Much has been made of Zappos founder Tony Hsieh’s Downtown Project, in which he’s throwing $350 million of his own money (yes, you read that number right) into revitalizing downtown Las Vegas in advance of moving his 1,200 employees to the neighborhood next year. Even in a gambling town, that kind of money can make a real difference, especially when the neighborhood in question is the moribund territory that used to be the heart of Nevada’s biggest city, before the sprawl, before the suburbs, before the Strip.
But not all change has to come from billionaire outsiders. One block east of the Fremont Street Experience—the five-block stretch of casinos and souvenir shops covered in a garish LED canopy that encompasses “downtown Vegas” in the minds of most tourists—stands the El Cortez Hotel and Casino, a neighborhood institution that recently celebrated its 70th anniversary. In 2008, owner Jackie Gaughan sold his shares to younger partner Kenny Epstein, turning over the keys after 45 years. In that transition arrived one of the biggest catalysts in the rebirth of downtown Las Vegas: Kenny’s daughter, Alex.
“I went to Columbia, thinking I was gonna be a doctor,” she says. “In the middle of it I decided I wanted to learn about art, and languages, and I went to Paris, and it was wonderful, and then I had like a crisis and I was like, ‘What am I gonna do with my life?’” After graduation, she made herself miserable prepping for the MCAT, “because I have a hard time quitting things,” she says. “But I didn’t have an alternative plan. My parents said, ‘Come back to Vegas. You can work at the hotel, learn the family business, and in three months we’ll reevaluate, and you can do whatever you want.” So Alex Epstein came home.
She did odd jobs around the casino (she even worked in the cage for a time) but the turning point came when she got the chance to oversee renovations on the Ogden House motel, a decrepit rectangle out back that the El Cortez was using as an overflow property. “It hadn’t been changed since the mid-‘70s,” Epstein says. “That scene in Casino where Sharon Stone dies a really sad, depressing, filthy, lonely death? That was shot in the hallway of the Ogden House.” Walk into the Cabana Suites, as the property is now called, and you’d never know it: Epstein worked with the designer and contractor to create a space whose crisp decor rivals the best boutique hotels in town. That project “was the first time I felt committed and totally passionate about anything I’d been doing,” she says. “It was one of those serendipitous moments where I didn’t want my father to be right all along—I didn’t want to give him that satisfaction—but it’s weird when you realize you’re doing something that feels right.”
Inspired, Epstein stayed at the El Cortez, becoming the casino’s executive vice president and its direct connection to the burgeoning downtown Vegas community. The first time she took a stand in a board meeting was in favor of leasing an abandoned medical center across the street to house Emergency Arts, a creative co-op with a coffeehouse at street level and a warren of artist studios in the former exam rooms above. “They said, ‘All right, if it needs to happen, then you go make it happen.’ I kind of got an education in being a landlord,” Epstein chuckles. “But it has taken off way more than any of us could imagine. It’s become a community centerpiece, and everyone that comes downtown passes through it at some point. It changed the daytime landscape.”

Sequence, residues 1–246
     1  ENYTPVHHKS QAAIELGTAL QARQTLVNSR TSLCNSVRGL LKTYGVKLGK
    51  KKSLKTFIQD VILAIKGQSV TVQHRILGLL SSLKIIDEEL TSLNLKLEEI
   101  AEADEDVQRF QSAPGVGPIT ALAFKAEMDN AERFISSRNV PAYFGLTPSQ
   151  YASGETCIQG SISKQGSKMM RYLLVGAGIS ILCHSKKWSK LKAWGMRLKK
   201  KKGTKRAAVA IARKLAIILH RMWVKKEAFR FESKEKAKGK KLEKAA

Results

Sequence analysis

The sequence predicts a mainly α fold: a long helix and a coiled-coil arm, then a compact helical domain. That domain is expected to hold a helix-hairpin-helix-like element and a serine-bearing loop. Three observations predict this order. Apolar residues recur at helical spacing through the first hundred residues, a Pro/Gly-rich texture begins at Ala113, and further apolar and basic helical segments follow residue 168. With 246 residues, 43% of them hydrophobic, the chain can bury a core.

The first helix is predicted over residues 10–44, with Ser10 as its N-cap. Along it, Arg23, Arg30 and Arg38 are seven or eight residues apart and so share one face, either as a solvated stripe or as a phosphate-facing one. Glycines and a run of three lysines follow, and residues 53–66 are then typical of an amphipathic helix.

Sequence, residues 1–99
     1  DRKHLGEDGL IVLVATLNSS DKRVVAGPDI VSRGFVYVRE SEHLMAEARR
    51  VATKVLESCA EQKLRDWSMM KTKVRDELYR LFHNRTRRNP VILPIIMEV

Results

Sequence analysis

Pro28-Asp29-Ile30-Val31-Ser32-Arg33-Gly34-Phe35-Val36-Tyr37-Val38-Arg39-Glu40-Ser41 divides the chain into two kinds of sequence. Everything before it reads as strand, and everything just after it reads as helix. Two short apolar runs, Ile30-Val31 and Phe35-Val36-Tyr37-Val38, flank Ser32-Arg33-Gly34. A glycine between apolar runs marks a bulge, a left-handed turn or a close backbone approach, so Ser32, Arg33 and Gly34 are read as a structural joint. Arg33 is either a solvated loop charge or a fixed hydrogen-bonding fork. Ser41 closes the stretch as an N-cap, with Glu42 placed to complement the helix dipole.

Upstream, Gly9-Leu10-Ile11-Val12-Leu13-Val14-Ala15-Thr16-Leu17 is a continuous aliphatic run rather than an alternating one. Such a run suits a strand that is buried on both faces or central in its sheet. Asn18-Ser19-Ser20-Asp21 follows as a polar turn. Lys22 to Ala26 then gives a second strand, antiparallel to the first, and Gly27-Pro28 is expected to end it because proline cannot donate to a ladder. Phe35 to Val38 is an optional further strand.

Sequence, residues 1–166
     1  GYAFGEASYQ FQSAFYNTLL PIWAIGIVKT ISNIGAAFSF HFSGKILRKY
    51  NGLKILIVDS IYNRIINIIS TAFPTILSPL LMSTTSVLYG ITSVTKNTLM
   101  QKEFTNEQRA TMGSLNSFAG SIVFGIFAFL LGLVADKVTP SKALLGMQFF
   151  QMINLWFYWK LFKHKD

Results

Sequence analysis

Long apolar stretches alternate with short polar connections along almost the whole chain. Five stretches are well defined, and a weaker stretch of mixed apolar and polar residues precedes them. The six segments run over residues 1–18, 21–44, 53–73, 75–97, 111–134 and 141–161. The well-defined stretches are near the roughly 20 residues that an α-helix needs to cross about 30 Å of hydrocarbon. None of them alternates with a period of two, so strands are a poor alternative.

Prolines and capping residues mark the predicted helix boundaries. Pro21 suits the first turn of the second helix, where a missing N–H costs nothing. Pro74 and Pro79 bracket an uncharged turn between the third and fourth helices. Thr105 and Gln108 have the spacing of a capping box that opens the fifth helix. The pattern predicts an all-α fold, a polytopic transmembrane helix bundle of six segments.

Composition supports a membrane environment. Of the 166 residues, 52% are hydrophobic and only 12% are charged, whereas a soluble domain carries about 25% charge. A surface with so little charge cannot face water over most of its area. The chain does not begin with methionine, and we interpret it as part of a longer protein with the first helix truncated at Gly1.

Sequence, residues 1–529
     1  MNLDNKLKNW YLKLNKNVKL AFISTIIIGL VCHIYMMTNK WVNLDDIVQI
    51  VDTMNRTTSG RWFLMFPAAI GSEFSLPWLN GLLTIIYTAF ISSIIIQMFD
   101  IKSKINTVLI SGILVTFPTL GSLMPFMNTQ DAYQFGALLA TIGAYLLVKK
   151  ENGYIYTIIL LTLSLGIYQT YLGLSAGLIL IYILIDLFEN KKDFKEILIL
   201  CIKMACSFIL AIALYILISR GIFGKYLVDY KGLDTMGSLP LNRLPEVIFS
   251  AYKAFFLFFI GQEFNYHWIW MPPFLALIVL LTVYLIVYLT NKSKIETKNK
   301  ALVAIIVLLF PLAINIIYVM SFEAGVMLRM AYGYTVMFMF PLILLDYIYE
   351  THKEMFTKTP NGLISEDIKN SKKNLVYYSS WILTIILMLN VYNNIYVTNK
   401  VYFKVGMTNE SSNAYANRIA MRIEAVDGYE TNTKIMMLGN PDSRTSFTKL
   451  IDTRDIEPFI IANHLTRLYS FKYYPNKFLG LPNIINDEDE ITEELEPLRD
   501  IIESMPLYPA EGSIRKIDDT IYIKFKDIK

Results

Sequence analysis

She opened the El Cortez parking lot to Vegas StrEATS (a regular food truck gathering), sponsors and hosts events during First Friday (the city’s monthly art and music festival), and was instrumental in the founding of Downtown Cares, a philanthropic initiative that rallied 200 people to overhaul a local senior center last fall and has its eyes set on renovating the courtyard of a local public school at the end of June. “Historically, the [casino-owning] corporations in Las Vegas have always been very charitable,” Epstein says. “We don’t have as many cash resources to be philanthropic in that way, but we’re really engaged in the community, and what we lack in funds we more than make up for in hard work and dedication. Downtown and East Fremont get a lot of attention in the press, but half a mile away there’s these neighborhoods that are not getting the same care. We wanted to give back to them.”
As the neighborhood comes back to life, Epstein has also been a central figure in transforming the El Cortez itself into a clubhouse for next-gen Vegas without alienating the casino’s core constituency: older locals looking for a good gamble at a good value. She hired a full-time social media director, and dreamed up a design competition to redecorate the El Cortez tower guest rooms using local talent and materials; the hotel’s old cocktail lounge has been renovated as The Parlour, featuring top-shelf mixology and musical acts, and the walls of its new steakhouse prominently feature downtown artists. Change is a balancing act, but Epstein is navigating it with poise. After all, she learned from the best. “Jackie Gaughan’s mantra was always ‘What’s good for downtown is good for the El Cortez,’” she says. “That’s really how we continue to do business. For me, it’s easy to say that it’s authentic and unique, but obviously I’m biased. When we have people who keep coming back and saying the same thing, it validates it a little bit.”
This piece is part of Change Generation, our series on young, change-making entrepreneurs. Read the rest here.